P = nondimensional scaled disturbance pressure, //. (P PO)lAP060e"/) A new methodology0has been developed to predict the P0 = atmospheric pressure, N/M 2 impulsive noise generated by a transonic rotor blade. The r = dimensional distance along the rotor in the formulation uses a full-potential finite-difference method to spanwise direction, m obtain the pressure field close to the blade. A Kirchhoff R = radial distance to the rotor tip, m integral formulation is then used to extend these finite. R. = free stream subtraction term in Eqn. (5) difference results into the far-field. This Kirchhoff foumula, = nondimensional time in nontransformed coordiie written in a blade-fixed coordinate system, 4]6requires nate system initial data across a plane at the sonic radius. This data = dimensinal time,a is provided by the finite-difference soluti,ia. Acoustic pressure predictions show excellent agreement with hover experT = scaled azimuthal angle location, imental data for two hover cases of 0.88 and 0.90 tip Mach (1/0)(0 + 0 tan ' 3) number, The latter of which has delocalized transonic flow. U = contravariant velocity normal to the n/, C plane These results represent the first successful prediction techV = contravariant velocity normal to the f, C plane nique for peak pressure amplitudes using a computational V, = nondimensional scaled radial velocity compocode. nent, #,/wRe LIST OF SYMBOLS W = contravariant velocity normal to the e,v/ plane z, y, = nondimensional coordinate system aligned with ao = atmospheric speed of sound, m/a the blade C = rotor chord length, m ( = blade radial location, 1((1) 11/2 h = nondimensional time step = P2 I = identity matrix = inverse of the blade aspect ratio, e/R J = Jacobian of coordinate transform matrix "y = specific heat ratio M = hover tip Mach number r = jump in potential across the wake normalized * = local Mach number by (aoc) p = absolute pressure, N/m 2 w = blade angular speed, rad/a * = dimensional velocity potential, m /3 Presented at the AHS Specialists' Meeting on Aero= non-dimensional velocity potential, 0/cao dynamics and Aeroacoustics, Arlington, Texas, February P = fluid density normalized by free-stream values 25-27, 1987. This is a work of the U. S. Government and is therefore P = p/J in the public domain. P0 = atmospheric density, kg/m 3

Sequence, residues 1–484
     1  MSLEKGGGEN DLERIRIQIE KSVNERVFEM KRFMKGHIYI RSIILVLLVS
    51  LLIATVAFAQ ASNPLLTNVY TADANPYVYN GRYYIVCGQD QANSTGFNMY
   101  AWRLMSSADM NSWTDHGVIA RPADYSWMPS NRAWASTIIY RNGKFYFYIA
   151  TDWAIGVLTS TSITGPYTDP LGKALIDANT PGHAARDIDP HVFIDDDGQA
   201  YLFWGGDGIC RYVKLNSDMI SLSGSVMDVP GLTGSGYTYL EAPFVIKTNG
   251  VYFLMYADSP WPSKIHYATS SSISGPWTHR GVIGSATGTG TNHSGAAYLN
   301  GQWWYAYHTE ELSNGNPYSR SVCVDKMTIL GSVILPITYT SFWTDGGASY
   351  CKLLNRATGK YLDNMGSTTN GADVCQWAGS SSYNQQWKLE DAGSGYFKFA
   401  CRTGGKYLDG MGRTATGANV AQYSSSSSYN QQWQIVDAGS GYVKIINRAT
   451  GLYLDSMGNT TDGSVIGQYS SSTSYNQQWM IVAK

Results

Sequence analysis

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@inproceedings{RogerCfUPYN0, title={CfUPY N 0 PREDICTION OF HIGH - SPEED ROTOR NOISE WITH A KIRCHHOFF}, author={Roger and Strawn and Yung Hoon Yu and Aeroflightdynamics Directorate} }